Roll of Honour

Sadly, all good things come to an end and some wonderful beers are no longer with us. The reasons are various but generally amount to the triumph of commercialism over art and craftsmanship: breweries go out of business or are taken over and subsequently closed down. These are some whose passing I particularly regret.

BrewerLast BrewedBeerComments
Romsey, Hants
c. 1971BitterThe first draught beer I ever drank. Taken over and closed down by Whitbread. [Interestingly, the Hampshire Brewery, a comparative newcomer now based in Romsey, seems to have acquired the Strong name and logo and is producing some very fine beers.]
Marlow, Bucks
c. 1980BitterTaken over by Strongs about 1950 but remained independent and kept brewing for some years after the subsequent takeover by Whitbread. An excellent mid-range bitter, available on handpump in a few pubs, it was a rare treat in those days of mostly keg and top pressure.
Faversham, Kent
c. 1980BitterA depressingly similar similar story to Wethered’s.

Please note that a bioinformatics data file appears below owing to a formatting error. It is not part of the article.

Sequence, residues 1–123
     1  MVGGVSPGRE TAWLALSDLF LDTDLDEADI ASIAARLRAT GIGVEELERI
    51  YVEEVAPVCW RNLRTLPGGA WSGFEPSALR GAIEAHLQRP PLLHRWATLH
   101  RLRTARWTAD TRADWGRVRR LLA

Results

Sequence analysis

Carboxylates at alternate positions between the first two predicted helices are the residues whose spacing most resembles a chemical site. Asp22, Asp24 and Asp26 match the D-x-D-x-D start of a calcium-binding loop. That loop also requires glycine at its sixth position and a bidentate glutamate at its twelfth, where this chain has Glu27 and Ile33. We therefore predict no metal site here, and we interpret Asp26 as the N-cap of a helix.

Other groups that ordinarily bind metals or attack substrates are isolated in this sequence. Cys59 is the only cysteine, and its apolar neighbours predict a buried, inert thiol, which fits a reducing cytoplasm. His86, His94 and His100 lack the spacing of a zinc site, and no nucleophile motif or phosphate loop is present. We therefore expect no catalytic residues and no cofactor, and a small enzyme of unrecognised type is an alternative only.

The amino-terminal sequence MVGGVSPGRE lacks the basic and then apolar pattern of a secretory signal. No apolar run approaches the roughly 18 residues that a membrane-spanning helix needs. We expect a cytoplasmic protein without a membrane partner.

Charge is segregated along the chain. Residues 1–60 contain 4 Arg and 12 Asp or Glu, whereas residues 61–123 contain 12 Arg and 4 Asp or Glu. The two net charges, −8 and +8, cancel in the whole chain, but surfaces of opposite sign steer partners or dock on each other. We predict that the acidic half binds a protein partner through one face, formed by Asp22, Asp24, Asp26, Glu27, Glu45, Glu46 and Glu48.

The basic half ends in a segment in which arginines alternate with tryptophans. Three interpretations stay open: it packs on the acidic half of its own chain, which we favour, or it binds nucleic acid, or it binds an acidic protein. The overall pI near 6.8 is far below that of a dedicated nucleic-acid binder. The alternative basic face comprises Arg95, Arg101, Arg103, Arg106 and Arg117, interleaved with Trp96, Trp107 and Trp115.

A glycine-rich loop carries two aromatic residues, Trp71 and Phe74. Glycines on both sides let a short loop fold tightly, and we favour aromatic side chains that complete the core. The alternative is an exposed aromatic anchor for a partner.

TuskerFremlin’s premium bitter (named after their trademark elephant) - it only lasted a few years before the brewery closed.
1980sDraught Bass *I remember draught Bass from the 1970s, when it was still brewed on the ‘Burton Union’ system and could be sampled in peak condition (gravity dispense) at Cooper’s Tavern next to the brewery. It’s never been the same since.
1991BitterHighly regarded in its home territory. I only had it a few times but I have good memories of a “lock in” in Derby.
King and Barnes
Horsham, Sussex
2000Sussex Bitter *Light and hoppy, the perfect session beer. Taken over and closed down by Hall and Woodhouse, whom I will never forgive.
BroadwoodRich, chestnut coloured and finely tuned, a most harmonious brew.
Henley, Oxon
2002Bitter *A good honest session bitter. [Now brewed by Wychwood at Witney.]
2006Bitter (“Ordinary”) *My staple diet for over 30 years. [Now brewed by the new Wells and Young company at Bedford.]

* These beers still exist in name but are brewed elsewhere or by different methods.

It still seems unthinkable that Brakspear, one of the brewers at the forefront of the 1970s real ale revival, is no more. As for Youngs, the shock has yet to sink in.


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